In addition, unlike in the recent past when top political figures were assassinated, Jonathan’s tenure has been devoid of such assassinations in spite of Obasanjo’s allegation in December 2013 that Jonathan was “training snipers and other armed personnel secretly” to take out political opponents. Ironically, it was during Obasanjo’s tenure that political figures like Chief Bola Ige, Chief Funsho Williams, Chief Harry Marshal, etc, were killed without their killers found till today. It is obvious that the allegation against Jonathan was part of the grand design to demonise him and get him out as president, a plot which went according to plan.
It is gratifying to see that this Jonathan example is being imitated by other politicians. The prompt way politicians like Jimi Agbaje and Nuhu Ribadu of Lagos and Adamawa states respectively conceded defeat on Sunday immediately the governorship results of their states were announced was soul-lifting. This was also how Kayode Fayemi of Ekiti State conceded defeat last June, even though some other controversies trailed that bold and commendable act.
By May 29, 2015 when the tenure of Jonathan will have elapsed, he will have spent five years and three months as the commander-in-chief of the nation, having been made the Acting President on February 9, 2010. He has recorded some positives and some negatives. His chief albatross is the Boko Haram insurgency, especially the kidnapping of the Chibok girls. The other point is the issue of corruption, which was hyped in the media as worse than before, but Transparency International’s Corruption Perceptions Index actually shows that Nigeria has been less corrupt under the Presidency of Jonathan than in the years of 1999 to 2007.
The exit of Jonathan will usher in Buhari and a new era. As President, Buhari will seek to make a difference. That is the prayer of anyone who loves Nigeria. But one snag is that he and his party have over-promised, and expectations are sky-high and maybe difficult to meet. The urge for change after 16 years of the PDP made many to refuse to acknowledge any achievement of Jonathan for the simple reason that such an acknowledgement could make him popular and easier to re-elect. But by the time the euphoria over the change in government ebbs, there will be a more dispassionate assessment of Jonathan’s era, especially in comparative terms.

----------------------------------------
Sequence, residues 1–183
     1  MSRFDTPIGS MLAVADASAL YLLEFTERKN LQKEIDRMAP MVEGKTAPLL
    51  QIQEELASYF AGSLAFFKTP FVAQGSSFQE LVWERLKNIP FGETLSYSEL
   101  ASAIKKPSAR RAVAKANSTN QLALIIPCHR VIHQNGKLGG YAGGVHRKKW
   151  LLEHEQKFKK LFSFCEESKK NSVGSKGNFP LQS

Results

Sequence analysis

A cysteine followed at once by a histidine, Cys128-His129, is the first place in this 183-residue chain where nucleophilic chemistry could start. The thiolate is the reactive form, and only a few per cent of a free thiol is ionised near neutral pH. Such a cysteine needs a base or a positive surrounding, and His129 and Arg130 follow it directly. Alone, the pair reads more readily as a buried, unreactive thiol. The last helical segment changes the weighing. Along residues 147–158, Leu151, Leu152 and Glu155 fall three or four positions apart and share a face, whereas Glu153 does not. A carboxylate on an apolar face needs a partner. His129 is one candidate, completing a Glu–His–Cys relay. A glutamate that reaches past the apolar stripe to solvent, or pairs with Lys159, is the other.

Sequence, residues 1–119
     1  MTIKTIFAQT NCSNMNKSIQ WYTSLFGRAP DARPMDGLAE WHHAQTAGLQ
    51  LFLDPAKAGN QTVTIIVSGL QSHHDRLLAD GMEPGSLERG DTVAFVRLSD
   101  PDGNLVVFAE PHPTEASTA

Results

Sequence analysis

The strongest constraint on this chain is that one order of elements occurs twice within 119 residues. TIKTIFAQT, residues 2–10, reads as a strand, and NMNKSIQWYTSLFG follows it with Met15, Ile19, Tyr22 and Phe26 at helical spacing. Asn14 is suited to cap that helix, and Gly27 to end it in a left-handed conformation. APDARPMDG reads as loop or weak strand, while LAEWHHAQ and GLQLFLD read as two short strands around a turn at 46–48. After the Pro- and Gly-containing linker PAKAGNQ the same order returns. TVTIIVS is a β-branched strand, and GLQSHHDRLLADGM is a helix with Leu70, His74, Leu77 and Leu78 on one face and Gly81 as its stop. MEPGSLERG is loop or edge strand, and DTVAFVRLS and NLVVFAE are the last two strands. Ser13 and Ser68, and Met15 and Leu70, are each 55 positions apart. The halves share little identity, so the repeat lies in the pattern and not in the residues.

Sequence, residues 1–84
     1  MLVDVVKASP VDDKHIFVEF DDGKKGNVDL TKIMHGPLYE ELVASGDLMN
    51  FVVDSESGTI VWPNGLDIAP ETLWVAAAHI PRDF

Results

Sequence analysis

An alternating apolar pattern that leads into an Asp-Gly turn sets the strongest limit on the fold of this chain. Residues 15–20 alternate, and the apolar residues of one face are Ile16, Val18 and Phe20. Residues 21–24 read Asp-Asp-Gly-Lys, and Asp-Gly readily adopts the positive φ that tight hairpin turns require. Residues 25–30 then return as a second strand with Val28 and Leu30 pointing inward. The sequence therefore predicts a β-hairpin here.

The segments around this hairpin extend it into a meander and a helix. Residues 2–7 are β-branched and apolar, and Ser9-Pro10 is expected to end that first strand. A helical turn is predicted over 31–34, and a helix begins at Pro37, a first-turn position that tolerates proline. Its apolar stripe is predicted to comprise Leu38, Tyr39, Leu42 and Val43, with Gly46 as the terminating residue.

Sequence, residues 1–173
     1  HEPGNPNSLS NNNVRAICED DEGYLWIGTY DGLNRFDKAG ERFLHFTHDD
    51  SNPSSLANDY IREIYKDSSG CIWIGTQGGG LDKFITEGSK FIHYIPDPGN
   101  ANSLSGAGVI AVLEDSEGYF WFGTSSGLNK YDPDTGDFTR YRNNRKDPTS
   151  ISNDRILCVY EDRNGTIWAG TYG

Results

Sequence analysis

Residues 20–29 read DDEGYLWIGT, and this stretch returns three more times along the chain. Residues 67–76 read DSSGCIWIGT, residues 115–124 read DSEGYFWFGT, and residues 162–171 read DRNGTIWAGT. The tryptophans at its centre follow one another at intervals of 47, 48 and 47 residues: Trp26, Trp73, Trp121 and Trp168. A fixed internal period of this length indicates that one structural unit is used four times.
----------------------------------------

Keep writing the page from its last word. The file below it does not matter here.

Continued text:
Therefore, this is no prophecy. By May 29, 2016, when Buhari will have been in office for one year, many of Jonathan’s harsh critics will have changed their views about him. There will be nostalgic feeling about Jonathan with comments like: “If it were during Jonathan’s tenure.”
Given the crisis and bloodshed Jonathan has saved Nigeria by refusing to act like other power-hungry African presidents, it will not be surprising if the organisers of awards like Nobel Peace Prize and the Mo Ibrahim Prize come looking for the man from Otuoke who went to school as a child without shoes.
Azuka Onwuka writes on Twitter @BrandAzuka.
The opinions expressed in this article are solely those of the author.